The explicit idea of microfoundations appears to have been first developed in the domain of microeconomics; there it referred to the necessity of deriving macroeconomic phenomena from the premises of rational economic behavior (Weintraub, Microfoundations: The Compatibility of Microeconomics and Macroeconomics). (Here is an interesting article by van den Bergh and Gowdy on recent analysis of the microfoundations debate in economics.) Maarten Jansen describes the theory of microfoundations in economics in his entry in The New Palgrave Dictionary of Economics and the Law:
The quest to understand microfoundations is an effort to understand aggregate economic phenomena in terms of the behavior of individual economic entities and their interactions. These interactions can involve both market and non-market interactions. The quest for microfoundations grew out of the widely felt, but rarely explicitly stated, desire to stick to the position of methodological individualism …, and also out of the growing uneasiness among economists in the late 1950s and 1960s with the co-existence of two subdisciplines, namely microeconomics and macroeconomics, both aiming at explaining features of the economy as a whole. Methodological individualism, as explained in the entry on the topic, is the view according to which proper explanations in the social sciences are those that are grounded in individual motivations and their behavior.
The idea of microfoundations is now important in many areas of the social sciences, including especially sociology and political science. Particularly important were ideas formulated by James Coleman in Foundations of Social Theory. Coleman doesn’t use the term “microfoundations” explicitly in this work, but his analysis of the relationship between the macro and the micro seems to imply a requirement of providing microfoundations as a condition on good explanations in the social sciences. The Coleman boat (link) seems to be a graphical way of representing the microfoundations of a macro-level fact.
A second mode of explanation of the behavior of social systems entails examining processes internal to the system, involving its component parts, or units at a level below that of the system. The prototypical case is that in which the component parts are individuals who are members of the social system. In other cases the component parts may be institutions within the system or subgroups that are part of the system. In all cases the analysis can be seen as moving to a lower level than that of the system, explaining the behavior of the system by recourse to the behavior of its parts. This mode of explanation is not uniquely quantitative or uniquely qualitative, but may be either. … I call [this] the internal analysis of system behavior. (2)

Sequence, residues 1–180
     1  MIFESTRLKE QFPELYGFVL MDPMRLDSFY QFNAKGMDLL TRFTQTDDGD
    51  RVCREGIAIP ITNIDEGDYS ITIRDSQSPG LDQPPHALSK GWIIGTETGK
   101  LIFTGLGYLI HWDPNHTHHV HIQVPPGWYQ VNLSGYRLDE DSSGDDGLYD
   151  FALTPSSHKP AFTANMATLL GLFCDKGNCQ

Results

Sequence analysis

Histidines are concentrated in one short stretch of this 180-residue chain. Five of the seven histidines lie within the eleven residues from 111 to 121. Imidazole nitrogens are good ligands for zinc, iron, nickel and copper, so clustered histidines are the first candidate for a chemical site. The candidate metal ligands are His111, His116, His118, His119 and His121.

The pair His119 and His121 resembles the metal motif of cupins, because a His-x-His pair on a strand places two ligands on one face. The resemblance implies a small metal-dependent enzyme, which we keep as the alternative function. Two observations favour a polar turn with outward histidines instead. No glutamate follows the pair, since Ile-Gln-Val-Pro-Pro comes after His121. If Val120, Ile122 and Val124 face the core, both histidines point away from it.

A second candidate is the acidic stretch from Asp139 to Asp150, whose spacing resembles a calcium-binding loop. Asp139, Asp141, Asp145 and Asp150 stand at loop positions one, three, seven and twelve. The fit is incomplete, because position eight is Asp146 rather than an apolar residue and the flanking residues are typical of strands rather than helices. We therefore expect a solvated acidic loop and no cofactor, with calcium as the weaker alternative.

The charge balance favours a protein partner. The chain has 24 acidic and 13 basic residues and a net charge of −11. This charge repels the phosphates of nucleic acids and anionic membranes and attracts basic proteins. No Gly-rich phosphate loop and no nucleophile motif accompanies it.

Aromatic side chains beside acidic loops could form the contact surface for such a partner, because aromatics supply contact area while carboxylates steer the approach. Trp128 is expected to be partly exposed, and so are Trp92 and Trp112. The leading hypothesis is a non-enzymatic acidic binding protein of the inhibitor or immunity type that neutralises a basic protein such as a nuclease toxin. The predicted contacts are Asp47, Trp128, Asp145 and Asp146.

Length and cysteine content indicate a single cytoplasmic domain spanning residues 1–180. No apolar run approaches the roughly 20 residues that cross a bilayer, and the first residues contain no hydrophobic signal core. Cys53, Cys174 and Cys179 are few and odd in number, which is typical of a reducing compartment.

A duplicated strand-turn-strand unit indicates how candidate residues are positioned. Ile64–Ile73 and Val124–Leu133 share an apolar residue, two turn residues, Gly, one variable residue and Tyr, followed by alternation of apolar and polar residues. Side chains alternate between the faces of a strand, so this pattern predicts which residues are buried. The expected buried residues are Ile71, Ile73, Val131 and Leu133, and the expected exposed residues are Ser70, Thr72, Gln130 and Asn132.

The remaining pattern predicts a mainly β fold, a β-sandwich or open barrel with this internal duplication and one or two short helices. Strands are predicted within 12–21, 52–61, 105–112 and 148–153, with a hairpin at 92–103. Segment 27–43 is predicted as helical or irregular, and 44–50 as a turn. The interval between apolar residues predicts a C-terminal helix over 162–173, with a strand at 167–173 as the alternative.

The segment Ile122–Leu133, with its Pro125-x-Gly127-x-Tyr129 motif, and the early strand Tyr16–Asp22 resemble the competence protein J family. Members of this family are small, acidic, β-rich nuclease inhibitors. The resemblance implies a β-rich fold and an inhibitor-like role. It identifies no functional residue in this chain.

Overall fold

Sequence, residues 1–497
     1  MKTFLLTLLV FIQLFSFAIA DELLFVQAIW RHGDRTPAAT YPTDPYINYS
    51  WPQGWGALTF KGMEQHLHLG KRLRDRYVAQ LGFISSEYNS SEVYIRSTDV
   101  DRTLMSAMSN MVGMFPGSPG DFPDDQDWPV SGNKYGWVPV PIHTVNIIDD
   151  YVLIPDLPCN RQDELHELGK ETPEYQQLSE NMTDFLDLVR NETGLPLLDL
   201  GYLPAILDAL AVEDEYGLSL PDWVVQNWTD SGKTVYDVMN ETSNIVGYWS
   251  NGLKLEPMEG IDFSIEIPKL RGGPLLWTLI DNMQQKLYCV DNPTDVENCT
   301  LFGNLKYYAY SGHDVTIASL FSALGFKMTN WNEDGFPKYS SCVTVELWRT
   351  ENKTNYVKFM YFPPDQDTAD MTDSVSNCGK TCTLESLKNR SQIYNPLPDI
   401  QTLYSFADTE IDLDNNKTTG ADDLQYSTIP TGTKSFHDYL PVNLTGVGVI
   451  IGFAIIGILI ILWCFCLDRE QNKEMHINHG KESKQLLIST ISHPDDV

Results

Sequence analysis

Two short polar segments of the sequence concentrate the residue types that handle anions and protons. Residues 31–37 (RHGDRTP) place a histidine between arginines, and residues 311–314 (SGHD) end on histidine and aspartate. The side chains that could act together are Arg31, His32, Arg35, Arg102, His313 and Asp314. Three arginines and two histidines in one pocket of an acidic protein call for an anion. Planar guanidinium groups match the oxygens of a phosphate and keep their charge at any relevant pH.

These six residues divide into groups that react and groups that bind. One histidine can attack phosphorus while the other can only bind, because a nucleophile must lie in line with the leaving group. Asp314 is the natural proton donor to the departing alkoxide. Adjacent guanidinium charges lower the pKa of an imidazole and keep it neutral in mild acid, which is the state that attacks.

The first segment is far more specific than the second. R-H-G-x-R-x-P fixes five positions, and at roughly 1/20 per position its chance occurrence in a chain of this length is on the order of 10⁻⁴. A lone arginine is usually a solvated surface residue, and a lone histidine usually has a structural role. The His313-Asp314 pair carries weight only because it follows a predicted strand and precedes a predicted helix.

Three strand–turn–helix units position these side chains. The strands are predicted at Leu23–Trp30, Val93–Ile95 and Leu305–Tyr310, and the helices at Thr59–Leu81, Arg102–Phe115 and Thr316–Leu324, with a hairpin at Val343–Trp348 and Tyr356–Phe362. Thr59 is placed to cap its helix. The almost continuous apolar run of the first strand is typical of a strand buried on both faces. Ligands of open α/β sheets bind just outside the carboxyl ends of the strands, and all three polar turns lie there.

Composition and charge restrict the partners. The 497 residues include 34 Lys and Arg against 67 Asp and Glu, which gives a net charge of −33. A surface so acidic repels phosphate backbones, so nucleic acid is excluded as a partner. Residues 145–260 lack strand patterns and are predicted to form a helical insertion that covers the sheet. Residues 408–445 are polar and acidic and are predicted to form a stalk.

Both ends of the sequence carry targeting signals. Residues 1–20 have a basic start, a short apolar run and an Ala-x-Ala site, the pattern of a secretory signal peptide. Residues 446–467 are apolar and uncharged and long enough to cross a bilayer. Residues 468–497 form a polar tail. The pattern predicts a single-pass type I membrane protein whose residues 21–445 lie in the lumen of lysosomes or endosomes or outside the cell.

Coleman’s view here is complex, though, and isn’t entirely unambiguous. Consider this qualification a few pages later, which refers unexpectedly to “emergent phenomena” and intermediate levels of explanatory mechanisms between the macro and the micro:
Those readers familiar with debates and discussions on methodological holism and methodological individualism will recognize that the position taken above on explanation is a variant of methodological individualism. But it is a special variant. No assumption is made that the explanation of systemic behavior consists of nothing more than individual actions and orientations, taken in aggregate. The interaction among individuals is seen to result in emergent phenomena at the system level, that is, phenomena that were neither intended nor predicted by the individuals. Furthermore, there is no implication that for a given purpose an explanation must be taken all the way to the individual level to be satisfactory. The criterion is instead pragmatic. (5)
Other more explicit advocates of the microfoundations principle are Jon Elster, John Roemer, Adam Przeworski, and other contributors to the theories of analytical Marxism (Analytical Marxism). Here is how I attempted to synthesize some of this thinking in 1994:
Marxist thinkers have argued that macro-explanations stand in need of microfoundations: detailed accounts of the pathways by which macro-level social patterns come about. These theorists have held that it is necessary to provide an account of the circumstsances of individual choice and action that give rise to aggregate patterns if macro-explanations are to be adequate. Thus in order to explain the policies of the capitalist state it is not sufficient to observe that this state tends to serve capitalist interests; we need to have an account of the processes through which state policies are shaped or controlled so as to produce this outcome. (“Microfoundations of Marxism,” reprinted in D. Little, Microfoundations, Methods, and Causation, 4)
As noted in a prior post, the idea of microfoundations is also a core constituent of the methodology of analytical sociology (Peter Hedström, Dissecting the Social: On the Principles of Analytical Sociology).
In short, a fairly wide range of social science research today embraces the general idea of providing microfoundations for macro-level assertions. And this seems to be a very reasonable requirement, given what we know about how social entities, processes, and forces are composed.